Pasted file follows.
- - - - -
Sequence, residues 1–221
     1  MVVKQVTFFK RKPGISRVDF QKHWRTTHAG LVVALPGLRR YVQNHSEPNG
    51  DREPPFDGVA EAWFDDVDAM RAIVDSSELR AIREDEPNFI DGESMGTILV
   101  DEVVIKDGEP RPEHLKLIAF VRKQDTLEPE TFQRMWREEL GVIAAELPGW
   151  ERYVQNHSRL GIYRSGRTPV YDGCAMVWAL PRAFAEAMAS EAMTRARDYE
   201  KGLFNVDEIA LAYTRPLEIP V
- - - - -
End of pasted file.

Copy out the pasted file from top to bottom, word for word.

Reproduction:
Sequence, residues 1–221
     1  MVVKQVTFFK RKPGISRVDF QKHWRTTHAG LVVALPGLRR YVQNHSEPNG
    51  DREPPFDGVA EAWFDDVDAM RAIVDSSELR AIREDEPNFI DGESMGTILV
   101  DEVVIKDGEP RPEHLKLIAF VRKQDTLEPE TFQRMWREEL GVIAAELPGW
   151  ERYVQNHSRL GIYRSGRTPV YDGCAMVWAL PRAFAEAMAS EAMTRARDYE
   201  KGLFNVDEIA LAYTRPLEIP V